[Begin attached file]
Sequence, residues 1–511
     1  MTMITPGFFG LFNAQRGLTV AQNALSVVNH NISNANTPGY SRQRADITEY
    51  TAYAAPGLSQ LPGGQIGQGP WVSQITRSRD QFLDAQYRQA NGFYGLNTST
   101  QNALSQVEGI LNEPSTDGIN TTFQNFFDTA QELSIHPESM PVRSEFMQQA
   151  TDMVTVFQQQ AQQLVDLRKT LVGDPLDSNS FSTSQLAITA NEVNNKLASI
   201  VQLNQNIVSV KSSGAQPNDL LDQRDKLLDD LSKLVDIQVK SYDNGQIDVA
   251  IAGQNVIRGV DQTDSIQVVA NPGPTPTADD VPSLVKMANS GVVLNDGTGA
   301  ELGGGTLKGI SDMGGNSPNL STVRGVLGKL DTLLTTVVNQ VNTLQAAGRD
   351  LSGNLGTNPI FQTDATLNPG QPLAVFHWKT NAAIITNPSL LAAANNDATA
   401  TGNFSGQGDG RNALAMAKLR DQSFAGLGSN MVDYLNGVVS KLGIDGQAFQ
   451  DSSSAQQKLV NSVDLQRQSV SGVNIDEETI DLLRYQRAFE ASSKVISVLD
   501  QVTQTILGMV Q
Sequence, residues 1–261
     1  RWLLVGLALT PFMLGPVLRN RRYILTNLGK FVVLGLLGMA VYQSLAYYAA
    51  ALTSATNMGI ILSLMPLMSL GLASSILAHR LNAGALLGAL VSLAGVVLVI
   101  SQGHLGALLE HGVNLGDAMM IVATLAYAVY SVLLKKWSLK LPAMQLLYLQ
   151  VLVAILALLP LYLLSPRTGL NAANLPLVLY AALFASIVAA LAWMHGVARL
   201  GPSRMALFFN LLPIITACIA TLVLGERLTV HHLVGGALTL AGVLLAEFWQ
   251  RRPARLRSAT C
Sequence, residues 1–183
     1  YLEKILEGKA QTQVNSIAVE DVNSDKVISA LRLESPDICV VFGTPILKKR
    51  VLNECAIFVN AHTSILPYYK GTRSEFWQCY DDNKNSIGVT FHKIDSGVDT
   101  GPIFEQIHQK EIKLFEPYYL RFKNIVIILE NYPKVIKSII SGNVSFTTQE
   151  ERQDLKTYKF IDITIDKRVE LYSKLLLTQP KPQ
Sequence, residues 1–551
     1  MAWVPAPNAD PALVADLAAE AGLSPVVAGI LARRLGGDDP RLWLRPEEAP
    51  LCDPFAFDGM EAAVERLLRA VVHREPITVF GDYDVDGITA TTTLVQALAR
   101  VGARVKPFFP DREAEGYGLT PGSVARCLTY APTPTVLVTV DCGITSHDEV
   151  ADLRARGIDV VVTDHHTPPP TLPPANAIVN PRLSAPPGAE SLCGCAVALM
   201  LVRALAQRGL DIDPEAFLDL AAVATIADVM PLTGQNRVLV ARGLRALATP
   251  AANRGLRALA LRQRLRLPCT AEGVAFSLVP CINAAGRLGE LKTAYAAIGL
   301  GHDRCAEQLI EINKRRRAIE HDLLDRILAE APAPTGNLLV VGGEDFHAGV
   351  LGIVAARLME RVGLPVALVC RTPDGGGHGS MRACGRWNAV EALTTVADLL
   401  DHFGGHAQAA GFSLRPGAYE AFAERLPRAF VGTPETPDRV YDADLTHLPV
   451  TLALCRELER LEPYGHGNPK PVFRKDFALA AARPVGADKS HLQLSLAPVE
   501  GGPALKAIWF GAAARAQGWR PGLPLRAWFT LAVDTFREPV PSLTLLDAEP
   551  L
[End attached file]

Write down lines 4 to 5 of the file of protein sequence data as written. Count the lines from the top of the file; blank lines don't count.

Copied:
   101  QNALSQVEGI LNEPSTDGIN TTFQNFFDTA QELSIHPESM PVRSEFMQQA
   151  TDMVTVFQQQ AQQLVDLRKT LVGDPLDSNS FSTSQLAITA NEVNNKLASI